Ships, Part 302: Equipment--Switchgear     111.30-19(a); 111.81-
     and Controlgear Assemblies, 1980           1(d).
     (Including Amendment 1, 1989, and
     Amendment 2, 1994).
    IEC 92-303, Electrical Installations in    111.20-15; 111.81-1(d).
     Ships, Part 303: Equipment--Transformers
     for Power and Lighting, 1980.
    IEC 92-304, Electrical Installations in    111.33-3(a); 111.33-5(b);
     Ships, Part 304: Equipment--               111.81-1(d).
     Semiconductor Converters, 1980
     (Including Amendment 1, 1995).
    IEC 92-306, Electrical Installations in    111.75-20(a); 111.81-
     Ships, Part 306: Equipment--Luminaires     1(d).
     and Accessories, 1980.
     IEC 92-350, Electrical Installations in   111.60-1.
     Ships, Part 350: Low-Voltage Shipboard
     Power Cables--General Construction and
     Test Requirements, 1988, Amendment 1
     (1994).
    IEC 92-352, Electrical Installations in    111.60-3(a); 111.60-3(c);
     Ships, Part 352: Choice and Installation   111.60-5; 111.81-1(d).
     of Cables for Low-Voltage Power Systems,
     1979, (Including Amendment 1, 1987, and
     Amendment 2, 1994).
    IEC 92-353, Electrical Installations in    111.60-1, 111.60-3.
     Ships, Part 353: Single and Multicore
     Non-radial Field Power Cables with
     Extruded Solid Insulation for Rated
     Voltages 1 kV and 3 kV, Second edition,
     1995-01.
    IEC 92-401, Electrical Installations in    111.05-9.
     Ships, Part 401: Installation and Test
     of Completed Installation, 1987.
    IEC 92-501, Electrical Installations in    111.81-1(d).
     Ships, Part 501: Special Features--
     Electric Propulsion Plant, 1984.
    IEC 92-502, Electrical Installations in    111.81-1(d); 111.105-
     Ships, Part 502: Tankers--Special          31(e).
     Features, 1994.
    IEC 92-503, Electrical Installations in    111.30-5(a); 111.81-1(d).
     Ships, Part 503: Special Features--A.C.
     Supply systems with Voltages in the
     Range Above 1KV up to and including
     11KV, 1975.
    IEC 92-504, Electrical Installations in    111.81-1(d).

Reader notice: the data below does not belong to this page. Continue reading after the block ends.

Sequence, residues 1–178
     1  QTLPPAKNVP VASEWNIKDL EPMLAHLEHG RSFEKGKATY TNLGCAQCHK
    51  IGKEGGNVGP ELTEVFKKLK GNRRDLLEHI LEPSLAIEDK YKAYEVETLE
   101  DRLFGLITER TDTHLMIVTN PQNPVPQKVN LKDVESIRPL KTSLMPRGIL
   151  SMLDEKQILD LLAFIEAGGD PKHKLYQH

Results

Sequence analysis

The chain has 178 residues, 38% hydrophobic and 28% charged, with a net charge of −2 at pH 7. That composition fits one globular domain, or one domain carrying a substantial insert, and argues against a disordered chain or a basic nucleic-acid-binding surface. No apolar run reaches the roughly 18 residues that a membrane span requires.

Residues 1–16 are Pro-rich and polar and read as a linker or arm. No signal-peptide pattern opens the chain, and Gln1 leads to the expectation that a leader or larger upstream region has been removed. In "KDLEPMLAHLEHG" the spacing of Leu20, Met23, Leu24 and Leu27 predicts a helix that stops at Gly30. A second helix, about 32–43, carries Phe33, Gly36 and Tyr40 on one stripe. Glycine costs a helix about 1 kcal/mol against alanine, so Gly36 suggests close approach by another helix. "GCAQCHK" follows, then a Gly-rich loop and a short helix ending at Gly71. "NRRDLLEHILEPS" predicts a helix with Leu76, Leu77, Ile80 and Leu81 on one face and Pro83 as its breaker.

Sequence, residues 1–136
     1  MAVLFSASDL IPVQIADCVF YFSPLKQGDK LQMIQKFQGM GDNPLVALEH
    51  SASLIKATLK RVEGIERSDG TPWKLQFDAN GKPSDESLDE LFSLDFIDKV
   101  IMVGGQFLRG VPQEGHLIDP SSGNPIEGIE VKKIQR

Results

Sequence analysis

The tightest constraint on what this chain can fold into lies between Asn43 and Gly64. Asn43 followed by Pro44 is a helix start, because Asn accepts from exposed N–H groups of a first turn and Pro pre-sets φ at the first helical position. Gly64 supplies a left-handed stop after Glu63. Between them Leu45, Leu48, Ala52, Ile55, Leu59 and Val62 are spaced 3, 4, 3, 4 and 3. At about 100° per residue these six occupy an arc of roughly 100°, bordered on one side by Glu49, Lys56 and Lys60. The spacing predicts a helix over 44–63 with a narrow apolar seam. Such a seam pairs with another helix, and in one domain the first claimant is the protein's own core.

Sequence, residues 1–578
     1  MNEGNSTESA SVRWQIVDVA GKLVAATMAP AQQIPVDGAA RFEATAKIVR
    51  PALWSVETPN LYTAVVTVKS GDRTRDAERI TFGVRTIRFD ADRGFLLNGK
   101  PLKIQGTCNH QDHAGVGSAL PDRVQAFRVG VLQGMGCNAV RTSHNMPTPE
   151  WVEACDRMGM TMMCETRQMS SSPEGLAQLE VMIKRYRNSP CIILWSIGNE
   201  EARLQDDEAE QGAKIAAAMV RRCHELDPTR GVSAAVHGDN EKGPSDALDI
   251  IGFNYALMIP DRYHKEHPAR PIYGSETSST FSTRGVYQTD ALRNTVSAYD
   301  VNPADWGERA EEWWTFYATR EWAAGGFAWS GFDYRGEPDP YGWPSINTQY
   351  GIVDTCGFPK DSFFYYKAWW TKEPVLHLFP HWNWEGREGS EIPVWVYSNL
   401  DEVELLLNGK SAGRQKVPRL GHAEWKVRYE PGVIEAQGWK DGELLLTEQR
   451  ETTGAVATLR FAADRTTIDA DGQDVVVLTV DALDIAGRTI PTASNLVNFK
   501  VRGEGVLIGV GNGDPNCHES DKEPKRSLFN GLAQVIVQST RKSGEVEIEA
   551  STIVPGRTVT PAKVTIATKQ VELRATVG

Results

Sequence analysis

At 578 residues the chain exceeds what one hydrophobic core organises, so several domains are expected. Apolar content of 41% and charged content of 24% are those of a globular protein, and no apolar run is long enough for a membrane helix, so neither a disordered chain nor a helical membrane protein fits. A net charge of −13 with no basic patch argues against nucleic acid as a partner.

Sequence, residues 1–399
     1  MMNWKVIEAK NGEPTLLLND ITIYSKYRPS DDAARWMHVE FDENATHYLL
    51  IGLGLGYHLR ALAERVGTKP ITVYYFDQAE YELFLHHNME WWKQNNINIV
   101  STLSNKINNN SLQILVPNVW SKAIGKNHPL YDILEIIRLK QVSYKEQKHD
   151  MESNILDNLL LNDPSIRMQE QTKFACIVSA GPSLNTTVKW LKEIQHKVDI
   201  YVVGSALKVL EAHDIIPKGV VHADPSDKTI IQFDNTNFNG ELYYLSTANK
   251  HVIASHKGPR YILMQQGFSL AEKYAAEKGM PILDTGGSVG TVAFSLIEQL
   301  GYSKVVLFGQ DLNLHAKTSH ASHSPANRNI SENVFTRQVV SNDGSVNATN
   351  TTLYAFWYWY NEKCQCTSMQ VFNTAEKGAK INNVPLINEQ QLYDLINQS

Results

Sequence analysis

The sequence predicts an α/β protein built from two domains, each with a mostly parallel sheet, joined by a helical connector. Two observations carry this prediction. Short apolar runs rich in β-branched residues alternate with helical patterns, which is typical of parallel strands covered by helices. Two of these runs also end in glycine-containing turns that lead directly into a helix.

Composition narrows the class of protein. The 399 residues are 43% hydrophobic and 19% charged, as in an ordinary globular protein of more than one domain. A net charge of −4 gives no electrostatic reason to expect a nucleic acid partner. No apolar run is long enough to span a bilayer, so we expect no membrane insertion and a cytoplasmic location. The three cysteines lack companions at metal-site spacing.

Ships, Part 504: Special Features--
     Control and Instrumentation, 1994.
    IEC 331, Fire resisting characteristics    113.30-25(i).
     of electric cables, 1970.
    IEC 332-1, Tests on Electric Cables Under  111.30-19(b).
     Fire Conditions, Part 1: Test on a
     Single Vertical Insulated Wire or Cable,
     1993.
    IEC 332-3, Tests on Electric Cables Under  111.60-1(b); 111.60-2;
     Fire Conditions, Part 3: Test on bunched   111.60-6(a); 111.107-
     wires or cables, 1992.                     1(c).

[[Page 204]]

 
    IEC 363, Short-Circuit Current Evaluation  111.52-5(c).
     with Special Regard to Rated Short-
     Circuit Capacity of Circuit-Breakers in
     Installations in Ships, 1972.
    IEC 529, Degrees of protection provided    111.01-9(a); 111.01-9(b);
     by enclosures (IP Code) 1989.              111.01-9(c); 111.01-
                                                9(d); 111.01-9 (Note);
                                                113.10-7; 113.20-3;
                                                113.25-11; 113.30-25(c);
                                                113.30-25(h); 113.40-
                                                10(b).
    IEC 533, Electromagnetic Compatibility of  113.05-7.
     Electrical and Electronic Installations
     in Ships, 1977.
    IEC 947-2, Low-Voltage Switchgear and      111.54-1(b).
     Controlgear, Part 2: Circuit Breakers,
     1989 (Including Amendment 1, 1992 and
     Amendment 2, 1993).
    IEC IP Code, see IEC 529.
International Maritime Organization (IMO),
 International Maritime Organization,
 Publications Section, 4 Albert Embankment,
 London SE1 7SR, United Kingdom:
    International Convention for the Safety    111.99-5; 111.105-31(n);
     of Life at Sea, 1974 (SOLAS 74)            112.15-1(r); 113.25-6.
     Consolidated Edition, (Including 1992